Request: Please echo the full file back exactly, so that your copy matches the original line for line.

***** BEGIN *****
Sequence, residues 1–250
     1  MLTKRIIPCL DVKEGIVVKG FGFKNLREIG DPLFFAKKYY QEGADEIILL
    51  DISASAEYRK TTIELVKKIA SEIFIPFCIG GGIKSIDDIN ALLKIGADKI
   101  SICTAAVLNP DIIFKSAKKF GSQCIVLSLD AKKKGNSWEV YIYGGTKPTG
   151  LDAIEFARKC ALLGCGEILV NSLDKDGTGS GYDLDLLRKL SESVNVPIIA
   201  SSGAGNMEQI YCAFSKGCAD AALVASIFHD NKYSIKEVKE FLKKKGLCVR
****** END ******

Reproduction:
Sequence, residues 1–250
     1  MLTKRIIPCL DVKEGIVVKG FGFKNLREIG DPLFFAKKYY QEGADEIILL
    51  DISASAEYRK TTIELVKKIA SEIFIPFCIG GGIKSIDDIN ALLKIGADKI
   101  SICTAAVLNP DIIFKSAKKF GSQCIVLSLD AKKKGNSWEV YIYGGTKPTG
   151  LDAIEFARKC ALLGCGEILV NSLDKDGTGS GYDLDLLRKL SESVNVPIIA
   201  SSGAGNMEQI YCAFSKGCAD AALVASIFHD NKYSIKEVKE FLKKKGLCVR